ALBUQUERQUE, N.M. — Coach Ault seeks results from new conditioning regimen
Editor’s note: Second in a series of Mountain West football previews.
Change is nothing new for University of Nevada football, or for coach Chris Ault.
During Ault’s 41 years at Nevada, as a student-athlete, athletic administrator and coach, he has seen the Wolf Pack compete on three levels of NCAA competition and in three conferences.
“Each time,” he says, “it’s been a great move for our university.”
Make that four conferences; this season is Nevada’s first in the Mountain West.
Conference affiliation, though, isn’t the only thing that’s changing.
Ault, already a member of the College Football Hall of Fame, wants a leaner, meaner Wolf Pack this season. Nevada’s offseason conditioning program underwent a major overhaul.
“We put more competitive things in there, rather than just lifting (weights),” Ault said at the recent Mountain West media gathering in Las Vegas, Nev. “We did more things outside than we’d ever done during winter conditioning.
“It was more demanding. We’re a pretty demanding program, but it was more demanding from a competitive standpoint than it had been in the past. I’m anxious to see how that translates on the field.”
The Wolf Pack went 7-6 last year, including a 49-7 rout of New Mexico in Reno.
Better things, senior offensive tackle Jeff Nady said, are expected this year with sophomore quarterback Cody Fajardo at the controls of Ault’s pistol offense.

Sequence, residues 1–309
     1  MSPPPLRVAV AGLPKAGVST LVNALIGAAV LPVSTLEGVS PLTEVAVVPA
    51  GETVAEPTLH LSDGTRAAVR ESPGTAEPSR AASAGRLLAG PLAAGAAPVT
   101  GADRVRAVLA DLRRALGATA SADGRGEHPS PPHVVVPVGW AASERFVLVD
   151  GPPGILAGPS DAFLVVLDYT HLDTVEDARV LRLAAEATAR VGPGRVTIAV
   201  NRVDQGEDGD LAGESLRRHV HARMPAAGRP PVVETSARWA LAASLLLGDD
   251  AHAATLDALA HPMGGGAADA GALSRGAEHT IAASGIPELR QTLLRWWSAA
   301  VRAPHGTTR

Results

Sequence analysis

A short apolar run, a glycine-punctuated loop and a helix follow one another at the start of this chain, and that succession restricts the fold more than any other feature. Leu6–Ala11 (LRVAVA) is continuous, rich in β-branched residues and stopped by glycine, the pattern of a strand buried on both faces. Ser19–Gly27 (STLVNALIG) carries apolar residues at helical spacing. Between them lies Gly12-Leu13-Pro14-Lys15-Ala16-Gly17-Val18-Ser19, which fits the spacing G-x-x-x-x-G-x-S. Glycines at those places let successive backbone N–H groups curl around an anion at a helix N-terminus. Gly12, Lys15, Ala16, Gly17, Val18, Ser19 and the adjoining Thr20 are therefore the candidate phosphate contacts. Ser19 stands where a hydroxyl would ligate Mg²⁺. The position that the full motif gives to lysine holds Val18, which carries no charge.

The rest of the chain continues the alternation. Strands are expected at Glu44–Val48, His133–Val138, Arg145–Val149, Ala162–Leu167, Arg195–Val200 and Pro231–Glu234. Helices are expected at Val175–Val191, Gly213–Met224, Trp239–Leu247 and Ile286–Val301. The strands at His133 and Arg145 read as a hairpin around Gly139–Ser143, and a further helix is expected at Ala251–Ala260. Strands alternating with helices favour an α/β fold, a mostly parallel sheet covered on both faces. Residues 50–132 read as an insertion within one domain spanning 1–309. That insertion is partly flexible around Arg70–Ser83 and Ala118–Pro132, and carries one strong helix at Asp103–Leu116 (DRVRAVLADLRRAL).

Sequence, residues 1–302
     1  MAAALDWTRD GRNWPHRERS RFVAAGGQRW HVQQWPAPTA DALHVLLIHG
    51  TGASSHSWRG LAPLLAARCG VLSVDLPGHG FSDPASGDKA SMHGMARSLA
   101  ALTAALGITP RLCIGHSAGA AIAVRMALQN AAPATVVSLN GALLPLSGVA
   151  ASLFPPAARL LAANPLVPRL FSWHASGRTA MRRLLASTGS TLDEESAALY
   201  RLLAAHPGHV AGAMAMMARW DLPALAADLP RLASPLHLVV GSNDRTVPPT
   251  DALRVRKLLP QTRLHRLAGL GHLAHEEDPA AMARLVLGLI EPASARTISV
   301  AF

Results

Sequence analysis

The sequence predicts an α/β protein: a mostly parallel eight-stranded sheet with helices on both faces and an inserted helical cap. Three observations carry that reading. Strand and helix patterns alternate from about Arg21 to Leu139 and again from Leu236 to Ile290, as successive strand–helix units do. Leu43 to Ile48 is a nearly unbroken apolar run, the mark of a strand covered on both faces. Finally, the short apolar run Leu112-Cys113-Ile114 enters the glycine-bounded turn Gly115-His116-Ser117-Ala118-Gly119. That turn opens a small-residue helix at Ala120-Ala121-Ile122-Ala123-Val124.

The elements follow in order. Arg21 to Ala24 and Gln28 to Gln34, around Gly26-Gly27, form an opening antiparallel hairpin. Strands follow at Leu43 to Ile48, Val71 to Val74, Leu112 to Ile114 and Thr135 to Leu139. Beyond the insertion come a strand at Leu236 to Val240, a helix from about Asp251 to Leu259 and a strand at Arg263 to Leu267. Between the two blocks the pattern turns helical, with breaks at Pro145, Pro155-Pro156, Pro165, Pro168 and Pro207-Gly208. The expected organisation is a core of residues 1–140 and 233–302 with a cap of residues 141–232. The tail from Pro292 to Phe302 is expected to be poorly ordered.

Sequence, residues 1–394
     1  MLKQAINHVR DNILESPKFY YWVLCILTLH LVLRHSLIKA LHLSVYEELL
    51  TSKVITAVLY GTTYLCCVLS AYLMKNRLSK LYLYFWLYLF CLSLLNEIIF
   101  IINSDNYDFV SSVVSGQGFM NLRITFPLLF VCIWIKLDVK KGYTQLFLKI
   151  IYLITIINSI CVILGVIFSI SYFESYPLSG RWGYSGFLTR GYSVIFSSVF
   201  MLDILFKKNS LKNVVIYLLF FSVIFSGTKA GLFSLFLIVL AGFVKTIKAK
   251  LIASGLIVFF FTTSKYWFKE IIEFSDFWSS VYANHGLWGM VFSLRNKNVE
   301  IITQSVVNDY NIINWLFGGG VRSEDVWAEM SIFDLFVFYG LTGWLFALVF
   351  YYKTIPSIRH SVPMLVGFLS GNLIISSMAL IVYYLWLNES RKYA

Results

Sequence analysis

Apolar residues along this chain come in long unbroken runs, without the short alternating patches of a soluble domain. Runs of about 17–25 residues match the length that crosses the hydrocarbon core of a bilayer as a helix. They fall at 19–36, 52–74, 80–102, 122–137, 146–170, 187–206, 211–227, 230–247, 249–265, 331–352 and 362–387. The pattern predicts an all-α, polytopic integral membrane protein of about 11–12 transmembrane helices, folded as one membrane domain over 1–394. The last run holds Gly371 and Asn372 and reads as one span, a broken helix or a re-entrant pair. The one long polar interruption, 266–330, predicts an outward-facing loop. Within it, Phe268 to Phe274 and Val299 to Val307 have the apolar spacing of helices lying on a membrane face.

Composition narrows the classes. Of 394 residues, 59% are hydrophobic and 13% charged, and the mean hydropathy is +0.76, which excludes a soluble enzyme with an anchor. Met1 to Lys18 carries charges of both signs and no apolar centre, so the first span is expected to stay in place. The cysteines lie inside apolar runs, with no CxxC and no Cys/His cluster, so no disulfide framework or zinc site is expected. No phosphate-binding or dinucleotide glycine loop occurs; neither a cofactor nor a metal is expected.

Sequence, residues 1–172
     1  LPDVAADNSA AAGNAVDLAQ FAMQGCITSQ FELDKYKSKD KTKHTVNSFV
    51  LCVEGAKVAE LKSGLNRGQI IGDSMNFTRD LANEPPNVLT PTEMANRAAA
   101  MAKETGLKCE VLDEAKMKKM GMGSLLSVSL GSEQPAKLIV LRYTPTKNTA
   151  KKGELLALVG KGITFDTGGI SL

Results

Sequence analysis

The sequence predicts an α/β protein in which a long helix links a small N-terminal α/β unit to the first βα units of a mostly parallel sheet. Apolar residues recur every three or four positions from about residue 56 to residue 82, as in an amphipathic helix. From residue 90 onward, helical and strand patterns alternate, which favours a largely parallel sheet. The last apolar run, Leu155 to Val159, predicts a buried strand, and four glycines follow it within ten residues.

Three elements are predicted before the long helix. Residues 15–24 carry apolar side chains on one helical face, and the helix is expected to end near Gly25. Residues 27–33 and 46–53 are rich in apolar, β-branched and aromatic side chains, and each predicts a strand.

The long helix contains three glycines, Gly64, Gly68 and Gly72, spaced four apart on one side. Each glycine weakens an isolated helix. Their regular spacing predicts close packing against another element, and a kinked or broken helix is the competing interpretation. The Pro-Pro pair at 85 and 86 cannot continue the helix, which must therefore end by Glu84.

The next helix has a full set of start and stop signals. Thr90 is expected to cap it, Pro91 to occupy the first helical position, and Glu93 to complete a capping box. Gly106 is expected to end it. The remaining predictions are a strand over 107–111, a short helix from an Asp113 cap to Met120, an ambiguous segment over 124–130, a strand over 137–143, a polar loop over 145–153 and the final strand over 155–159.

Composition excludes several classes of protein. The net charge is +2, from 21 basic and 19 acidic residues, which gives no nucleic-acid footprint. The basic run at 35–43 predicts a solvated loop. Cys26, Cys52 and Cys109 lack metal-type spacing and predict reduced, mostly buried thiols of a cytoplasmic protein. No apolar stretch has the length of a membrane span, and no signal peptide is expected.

“Absolutely,” Nady said, “and a lot of that (anticipated improvement) has to do with the guy under center – well, in the pistol he’s not under center.
“But Cody Fajardo’s a year older, and just to see how he’s been working. … With Cody back there and our offensive front, a full stable of backs, a senior group on defense, yes, I definitely believe that from last year to this year we’ve gotten better. Our spring was awesome, our summer workouts have been more competitive than ever, and I think we have a confident group going into two-a-days.”
Nady and senior guard Chris Barker, both preseason all-Mountain West selections, anchor the offensive line. On defense, nose tackle Jack Reynoso and safety Duke Williams are all-league picks.
But much of Ault’s tinkering with the offseason program was aimed at the defense, which allowed 30 or more points on five occasions.
“Our defense last year was the most complacent defense I’ve ever had,” Ault said. “We had seven defensive starters back and should have been one of the top defenses in (the Western Athletic Conference). … It cost us a championship.
“So, we’re trying to avoid that issue (this year).”
Ault isn’t standing pat on offense, either. After serving as his own offensive coordinator in recent years, he’s brought in Nick Rolovich – cut loose by Hawaii in the wake of a coaching change – to handle that job.
Rolovich hasn’t been hired to install the run-and-shoot, the offense he taught at Hawaii. But Ault wants him to incorporate some run-and-shoot principles into the pistol, the innovative and prolific offense Ault invented.
“He’s excited to learn (the pistol),” Ault said of Rolovich. “He’s intrigued by it and that’s good, because (assistants can) work on it themselves and come up with some fresh ideas. … So, that’s an exciting time.”
It’s an exciting time, as well, for Nady, who hails from Minden, Nev., population about 3,000. He’s the only athlete from his high school, he said, to have been awarded a full scholarship to an NCAA Division I football school.
A first-team All-WAC choice as a junior, he remains grateful for the opportunity.
“Coach Ault took a chance on me,” Nady said. “He said, ‘I’m gonna take a gamble on you, and you need to make me look good.’
“As much respect as I have for coach Ault, I wasn’t gonna make him wrong.”
Nady and Ault intend to make Nevada’s latest move, to the Mountain West, a right one.
— This article appeared on page D6 of the Albuquerque Journal